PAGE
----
|Pistol||Dreyse M1907||Manufacturer||Rheinische M. u. M.|
|Magazine||7 rnds dtch||Weight||1.5 lb|
This unusual looking pistol was an attempt to enter the then-new market of semi-automatic pocket pistols without stumbling on John Browning’s patents.
Browning’s Model 1900 .32 ACP hand gun was a revolution. Its popularity was so great that in many parts of the world “Browning” became the generic name for “pistol” over generations. More importantly, it introduced the slide-operated semi-automatic pistol to the world. This handy little sidearm was snapped up by police and military and, in many instances, was their first to displace the revolver. So, of course, it inspired competition.
Rheinische Metallwaaren u. Maschinenfabrik of Sommerda, Germany had acquired control of the sporting rifle company Waffenfabrik von Dreyse in 1901. This latter company had been created to manufacture and was named for Nikolaus von Dreyse’s Needle Rifle. After acquisition, Rheinische began using the name “Dreyse” with various small arms in attempts to capitalize on the brand recognition and prestige. While his name is not present on the 1908 patent, Rheinische’s Model 1907 is generally attributed to the work of Louis Schmeisser.
The gun shares a number of features with Browning’s Model 1900. Its overall profile, grip angle, and layout is extremely similar. It chambers the same cartridge, uses the same heel release, and its magazine carries the same seven cartridges. It is also a simple blowback, slide operated, and the overall breech block layout is very similar to the 1900. This block, like the 1900, also extends out of the rear of the pistol when discharged. The safety is also similarly shaped and positioned.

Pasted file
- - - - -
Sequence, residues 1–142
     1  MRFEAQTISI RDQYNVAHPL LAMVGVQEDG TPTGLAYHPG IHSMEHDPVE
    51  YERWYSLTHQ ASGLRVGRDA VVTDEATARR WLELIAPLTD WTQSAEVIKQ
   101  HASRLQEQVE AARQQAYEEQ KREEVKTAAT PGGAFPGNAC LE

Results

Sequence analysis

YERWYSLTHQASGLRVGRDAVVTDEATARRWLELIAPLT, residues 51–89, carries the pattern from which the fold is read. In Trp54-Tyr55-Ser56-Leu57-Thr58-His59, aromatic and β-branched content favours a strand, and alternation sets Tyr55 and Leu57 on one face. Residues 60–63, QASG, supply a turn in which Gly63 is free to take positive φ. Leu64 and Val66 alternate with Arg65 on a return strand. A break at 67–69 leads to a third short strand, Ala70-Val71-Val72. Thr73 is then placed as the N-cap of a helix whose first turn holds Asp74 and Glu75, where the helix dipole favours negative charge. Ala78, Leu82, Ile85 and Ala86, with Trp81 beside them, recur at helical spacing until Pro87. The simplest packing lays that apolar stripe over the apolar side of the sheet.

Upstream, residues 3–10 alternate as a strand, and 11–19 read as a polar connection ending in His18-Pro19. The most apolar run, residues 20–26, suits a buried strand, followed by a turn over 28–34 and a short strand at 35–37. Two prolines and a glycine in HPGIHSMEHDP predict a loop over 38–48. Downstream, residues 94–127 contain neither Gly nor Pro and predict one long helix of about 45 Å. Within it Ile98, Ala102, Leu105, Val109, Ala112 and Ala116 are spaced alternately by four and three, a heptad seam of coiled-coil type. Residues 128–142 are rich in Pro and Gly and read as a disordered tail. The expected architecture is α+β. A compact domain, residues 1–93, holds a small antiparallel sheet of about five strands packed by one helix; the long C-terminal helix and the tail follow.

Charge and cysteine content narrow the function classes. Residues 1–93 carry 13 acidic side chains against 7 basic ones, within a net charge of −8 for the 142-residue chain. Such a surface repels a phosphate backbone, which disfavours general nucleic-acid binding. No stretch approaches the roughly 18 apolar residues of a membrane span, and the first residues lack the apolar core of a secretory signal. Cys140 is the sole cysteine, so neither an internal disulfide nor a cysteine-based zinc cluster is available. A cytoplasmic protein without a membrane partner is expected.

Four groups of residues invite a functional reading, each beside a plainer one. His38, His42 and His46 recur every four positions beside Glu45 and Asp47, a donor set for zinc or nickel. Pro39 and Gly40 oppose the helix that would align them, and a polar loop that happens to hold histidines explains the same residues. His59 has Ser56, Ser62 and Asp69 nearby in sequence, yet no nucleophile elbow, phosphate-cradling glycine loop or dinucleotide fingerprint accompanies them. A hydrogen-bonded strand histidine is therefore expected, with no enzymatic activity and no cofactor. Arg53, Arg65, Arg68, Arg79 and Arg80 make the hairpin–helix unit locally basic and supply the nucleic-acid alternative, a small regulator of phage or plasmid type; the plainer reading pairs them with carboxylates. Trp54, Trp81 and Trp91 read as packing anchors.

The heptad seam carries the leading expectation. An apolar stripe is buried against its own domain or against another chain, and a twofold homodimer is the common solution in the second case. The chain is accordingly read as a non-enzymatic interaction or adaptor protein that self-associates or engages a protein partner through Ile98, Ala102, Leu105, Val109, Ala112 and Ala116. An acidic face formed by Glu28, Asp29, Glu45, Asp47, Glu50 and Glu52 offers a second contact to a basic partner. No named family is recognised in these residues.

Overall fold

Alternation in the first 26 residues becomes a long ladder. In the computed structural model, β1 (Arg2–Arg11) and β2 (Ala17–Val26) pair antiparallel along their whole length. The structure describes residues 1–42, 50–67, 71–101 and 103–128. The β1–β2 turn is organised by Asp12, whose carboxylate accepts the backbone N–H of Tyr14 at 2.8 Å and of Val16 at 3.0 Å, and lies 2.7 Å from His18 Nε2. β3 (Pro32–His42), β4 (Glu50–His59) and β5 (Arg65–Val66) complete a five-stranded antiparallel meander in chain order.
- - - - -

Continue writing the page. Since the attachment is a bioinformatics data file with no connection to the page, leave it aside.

The Dreyse differentiates itself by having a very unusual slide, set over the action and to the front. It is retracted by gripping at the front and, when fired, this blowback slide is stopped when its semi-circular top strikes the rear of a matching channel in the frame. Unlike the 1900’s overhead spring, the Dreyse uses one concentric to the barrel. When cocked the rear of the striker protrudes slightly from the rear of the block, providing a rudimentary cocking indicator. The bolt face is removable for the disassembly of the breech block. Most unique to the Model 1907 is its hinged frame. A switch on the rear of the gun can be pressed to the right in order to release the top half and allow it to flip forward, exposing the underside of the breech block. This is a great disassembly aid over the Model 1900 and makes cleaning and oiling easier as well. Later model pistols were modified so that a pull of the trigger would first press the striker further rearward before releasing it, assuring a strong strike. This was likely in response to loose standards on wartime ammunition manufacture. Despite the somewhat short production period there are a number of variations in this pistol, most notably the slide serrations.
Produced from 1907-1918, the Dreyse M1907 was mostly a military pistol. The bulk of production is believed to be acquired by German military and police forces, Austrian contracts, and only lastly as a commercial pistol. Given the years of production, even the commercial examples were likely to find their way into the war. From known serials, it appears roughly 250,000 units were produced. It served not only in WWI but because of its ease of use, extremely robust construction, reliability, and Germany’s continued use of .32ACP many of these pistols continued to serve all the way through WWII. It is thought that many of them were still on rear echelon duty or in storage when the U.S. settled in at the end of the war, because a great many were brought back by soldiers returning home. This makes the Dreyse an inexpensive collectible to this day!